On 9/11/2001 our lives changed. No longer will we look at a plane flying overhead in quite the same way. The skyline of NYC is forever changed.  The image of the 2nd plane crashing into the tower will replay in our minds as if it were the first time over and over again. The faces of countless rescue workers, police and firefighters, overwhelmed by the loss and devastation, will stay with us. The loss of life, both of the innocents who were just going about their daily routine and that of the rescue workers who were there because of their sense of duty, is devastating. The area where the World Trade Center complex of buildings stood, the side of the Pentagon and the field where the 4th plane crashed look like war zones. Our very psyches are scarred.

This will not be the first or last time the souls of humankind are tried. Life is a trial. We can’t anticipate this kind of colossal devastation handed to us by nature or mankind, but we can buffer the shock and pain by remembering that acceptance will help us heal and become stronger. Acceptance will help us not to react irrationally but with calm and deliberate action. Acceptance will help us look inside and define our true intentions.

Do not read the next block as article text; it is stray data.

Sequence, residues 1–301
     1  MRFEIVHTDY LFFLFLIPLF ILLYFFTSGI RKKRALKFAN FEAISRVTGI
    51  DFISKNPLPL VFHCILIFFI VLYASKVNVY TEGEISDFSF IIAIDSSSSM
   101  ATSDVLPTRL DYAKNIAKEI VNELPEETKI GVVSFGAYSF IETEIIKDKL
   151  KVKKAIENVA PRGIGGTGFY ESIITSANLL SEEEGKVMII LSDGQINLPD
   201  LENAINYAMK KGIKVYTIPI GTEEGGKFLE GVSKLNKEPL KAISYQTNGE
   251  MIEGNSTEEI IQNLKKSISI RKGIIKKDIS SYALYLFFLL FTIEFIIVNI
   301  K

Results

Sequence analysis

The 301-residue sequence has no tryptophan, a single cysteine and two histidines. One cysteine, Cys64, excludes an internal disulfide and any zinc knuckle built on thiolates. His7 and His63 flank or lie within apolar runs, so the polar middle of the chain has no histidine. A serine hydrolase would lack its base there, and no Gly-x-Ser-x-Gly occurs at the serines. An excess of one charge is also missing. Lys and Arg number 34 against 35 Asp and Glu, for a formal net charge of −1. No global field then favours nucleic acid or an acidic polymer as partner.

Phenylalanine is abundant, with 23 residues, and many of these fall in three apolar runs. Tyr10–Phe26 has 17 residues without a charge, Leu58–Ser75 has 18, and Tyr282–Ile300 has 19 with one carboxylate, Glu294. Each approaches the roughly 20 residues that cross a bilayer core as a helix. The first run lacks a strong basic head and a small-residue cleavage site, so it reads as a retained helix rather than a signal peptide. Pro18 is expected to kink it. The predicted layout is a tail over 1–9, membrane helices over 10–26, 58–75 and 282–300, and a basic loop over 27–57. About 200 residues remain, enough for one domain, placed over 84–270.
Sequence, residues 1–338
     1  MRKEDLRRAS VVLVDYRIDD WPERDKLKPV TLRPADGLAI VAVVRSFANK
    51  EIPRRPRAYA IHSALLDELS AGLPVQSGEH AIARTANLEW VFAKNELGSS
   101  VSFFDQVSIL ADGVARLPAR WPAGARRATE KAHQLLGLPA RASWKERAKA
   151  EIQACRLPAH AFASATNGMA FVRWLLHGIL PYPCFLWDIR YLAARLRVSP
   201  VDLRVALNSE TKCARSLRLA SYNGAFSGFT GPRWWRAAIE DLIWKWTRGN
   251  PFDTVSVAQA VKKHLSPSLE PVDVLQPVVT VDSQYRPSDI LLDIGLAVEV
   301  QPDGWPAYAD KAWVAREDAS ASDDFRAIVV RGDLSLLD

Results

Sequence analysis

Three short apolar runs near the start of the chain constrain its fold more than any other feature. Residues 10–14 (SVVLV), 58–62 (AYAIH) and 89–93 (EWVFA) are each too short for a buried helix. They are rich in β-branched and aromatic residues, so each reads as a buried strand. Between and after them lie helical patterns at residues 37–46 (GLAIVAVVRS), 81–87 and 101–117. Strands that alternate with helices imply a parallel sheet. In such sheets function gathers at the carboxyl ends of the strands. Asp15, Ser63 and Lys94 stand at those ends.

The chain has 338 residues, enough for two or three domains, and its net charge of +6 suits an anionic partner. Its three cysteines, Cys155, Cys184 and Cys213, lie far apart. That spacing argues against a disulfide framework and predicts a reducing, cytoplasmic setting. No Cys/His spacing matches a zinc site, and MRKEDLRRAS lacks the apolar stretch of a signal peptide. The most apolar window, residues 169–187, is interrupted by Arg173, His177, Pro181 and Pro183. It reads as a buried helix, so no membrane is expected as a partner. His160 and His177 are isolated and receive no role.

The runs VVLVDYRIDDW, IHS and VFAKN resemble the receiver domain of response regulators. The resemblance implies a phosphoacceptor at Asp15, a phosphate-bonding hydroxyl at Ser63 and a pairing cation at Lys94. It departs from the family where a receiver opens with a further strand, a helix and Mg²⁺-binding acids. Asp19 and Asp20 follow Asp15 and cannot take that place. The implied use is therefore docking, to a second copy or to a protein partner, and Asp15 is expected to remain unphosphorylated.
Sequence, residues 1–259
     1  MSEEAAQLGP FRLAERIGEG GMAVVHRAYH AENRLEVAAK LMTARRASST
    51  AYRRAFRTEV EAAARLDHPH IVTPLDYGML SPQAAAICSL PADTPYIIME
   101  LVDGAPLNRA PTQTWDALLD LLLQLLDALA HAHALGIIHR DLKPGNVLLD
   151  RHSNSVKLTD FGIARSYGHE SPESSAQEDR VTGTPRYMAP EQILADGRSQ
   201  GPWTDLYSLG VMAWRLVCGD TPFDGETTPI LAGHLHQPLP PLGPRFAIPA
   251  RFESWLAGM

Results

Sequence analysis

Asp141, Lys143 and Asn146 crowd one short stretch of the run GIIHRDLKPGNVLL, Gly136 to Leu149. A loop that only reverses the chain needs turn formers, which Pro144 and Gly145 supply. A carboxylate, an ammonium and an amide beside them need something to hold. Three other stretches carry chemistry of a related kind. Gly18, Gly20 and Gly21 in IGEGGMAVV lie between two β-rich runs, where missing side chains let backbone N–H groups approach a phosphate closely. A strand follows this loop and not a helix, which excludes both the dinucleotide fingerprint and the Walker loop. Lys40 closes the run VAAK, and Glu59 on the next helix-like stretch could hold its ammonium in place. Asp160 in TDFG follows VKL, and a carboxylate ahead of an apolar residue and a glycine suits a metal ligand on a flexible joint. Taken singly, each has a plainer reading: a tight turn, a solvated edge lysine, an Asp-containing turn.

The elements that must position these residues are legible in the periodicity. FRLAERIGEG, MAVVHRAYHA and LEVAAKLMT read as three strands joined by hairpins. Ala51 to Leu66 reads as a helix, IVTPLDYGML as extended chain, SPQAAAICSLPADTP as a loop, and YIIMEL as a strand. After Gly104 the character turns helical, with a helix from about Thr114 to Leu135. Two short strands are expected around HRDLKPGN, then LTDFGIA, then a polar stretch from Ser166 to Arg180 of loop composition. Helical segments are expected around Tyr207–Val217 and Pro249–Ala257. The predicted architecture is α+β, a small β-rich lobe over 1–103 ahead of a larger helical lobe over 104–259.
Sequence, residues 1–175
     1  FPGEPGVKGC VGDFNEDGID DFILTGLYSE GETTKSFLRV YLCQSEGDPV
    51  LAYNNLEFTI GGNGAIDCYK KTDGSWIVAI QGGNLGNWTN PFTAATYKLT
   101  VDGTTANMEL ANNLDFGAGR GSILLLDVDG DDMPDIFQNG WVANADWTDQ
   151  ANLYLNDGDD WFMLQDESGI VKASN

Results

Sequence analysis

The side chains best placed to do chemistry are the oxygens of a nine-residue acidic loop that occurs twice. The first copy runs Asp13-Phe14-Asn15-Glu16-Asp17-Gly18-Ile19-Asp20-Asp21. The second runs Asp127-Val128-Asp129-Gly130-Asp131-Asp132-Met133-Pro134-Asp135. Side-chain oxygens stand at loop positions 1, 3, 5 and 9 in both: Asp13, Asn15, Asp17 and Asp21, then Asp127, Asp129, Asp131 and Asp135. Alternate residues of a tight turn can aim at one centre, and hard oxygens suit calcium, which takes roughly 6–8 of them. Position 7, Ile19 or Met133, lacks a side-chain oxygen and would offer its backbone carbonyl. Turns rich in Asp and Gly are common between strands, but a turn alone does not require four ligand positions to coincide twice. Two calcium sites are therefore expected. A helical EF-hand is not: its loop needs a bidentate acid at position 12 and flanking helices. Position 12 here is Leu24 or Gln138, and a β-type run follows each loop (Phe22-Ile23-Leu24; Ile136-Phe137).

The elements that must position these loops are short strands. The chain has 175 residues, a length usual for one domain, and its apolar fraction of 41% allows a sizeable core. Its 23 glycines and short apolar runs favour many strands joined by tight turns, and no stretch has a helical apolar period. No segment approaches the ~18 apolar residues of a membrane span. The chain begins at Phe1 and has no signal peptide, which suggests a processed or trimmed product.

I’m not a proponent of war; however, I realize our government must and will do something. I hope for justice rather than retaliation and the loss of more innocent lives. I think the one thing I wish for in the healing of our country, our people and for the whole world, is, that we, as individuals, become kinder, gentler and more introspective. We need to examine our priorities. We need to think about what is truly important. We need to dispense with selfish motives and support the well being of our communities and the people who live and work in them.

At the moment of the crisis were you thinking about your work, your finances or what you wanted to buy next? No. You were thinking about the people who were on the planes and in the buildings. You were thinking about your families and your loved ones. You wanted to hold your loved ones. You wanted to reach out to help those suffering emotional and physical pain. You wanted to DO something to make it better. 

You realized you love this crazy-quilt country we call the United States of America. You recognized the freedoms we take for granted and may have, in fact, lost. You understood that some of our daily complaints and inconveniences are insignificant. You saw the ugliness and devastation hate could cause. You wondered if your heart could hate at such intensity.